Understand Your Numbers

Financial implications should influence your hiring process and your decision-making when taking on your first employee. This means setting a budget for employee compensation, benefits, and other costs that come with having an employee.

You can’t expect your new hire to work for peanuts, so think logically about how much your business can afford to pay. 

You don’t always have to employ someone full-time. When hiring employees for your small business, you can hire them part-time, as a hybrid, or on a project-by-project basis. Try out a number of different scenarios and see which one fits your business the best. 

Position Employees For Success

When you are ready to hire your first employee, set them up for success. This means giving them a clear list of expectations and daily tasks, as well as mentorship and help when they need it.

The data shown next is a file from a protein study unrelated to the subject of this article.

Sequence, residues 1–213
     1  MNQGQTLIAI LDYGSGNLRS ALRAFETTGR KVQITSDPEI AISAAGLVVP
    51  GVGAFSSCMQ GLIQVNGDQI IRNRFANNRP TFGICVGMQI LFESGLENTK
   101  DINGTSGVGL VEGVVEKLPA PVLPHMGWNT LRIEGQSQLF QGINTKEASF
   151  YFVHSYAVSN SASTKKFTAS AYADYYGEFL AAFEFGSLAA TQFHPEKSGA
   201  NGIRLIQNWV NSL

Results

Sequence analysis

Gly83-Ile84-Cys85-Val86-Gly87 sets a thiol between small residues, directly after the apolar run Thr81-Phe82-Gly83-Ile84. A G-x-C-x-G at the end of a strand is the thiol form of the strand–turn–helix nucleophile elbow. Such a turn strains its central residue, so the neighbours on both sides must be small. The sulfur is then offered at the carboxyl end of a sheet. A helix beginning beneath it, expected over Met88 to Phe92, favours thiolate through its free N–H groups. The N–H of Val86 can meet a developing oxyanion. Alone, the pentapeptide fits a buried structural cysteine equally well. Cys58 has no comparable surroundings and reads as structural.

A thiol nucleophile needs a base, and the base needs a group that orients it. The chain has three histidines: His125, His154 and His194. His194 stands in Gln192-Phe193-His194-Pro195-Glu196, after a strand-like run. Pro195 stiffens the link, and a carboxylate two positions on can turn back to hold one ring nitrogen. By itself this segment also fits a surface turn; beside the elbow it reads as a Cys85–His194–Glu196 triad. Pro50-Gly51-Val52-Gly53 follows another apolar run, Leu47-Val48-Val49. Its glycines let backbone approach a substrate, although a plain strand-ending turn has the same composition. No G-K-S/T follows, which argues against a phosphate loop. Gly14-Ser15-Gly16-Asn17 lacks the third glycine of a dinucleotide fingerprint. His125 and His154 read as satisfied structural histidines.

When people are open and clear with each other from the get-go, the probability of issues arising later on decreases. You want to keep this employee and help them grow your company. You don’t want to have a low employee retention rate. Having to go through the hiring process multiple times a year is tiring and can negatively impact your business’ growth. 

As a business owner, you should make it easy for your first employee to say what they think without worrying about getting in trouble or being judged. A calm but cooperative workplace environment is key. 

When Not To Hire

In addition to understanding when it’s time to hire, business owners also need to know when they should hold off.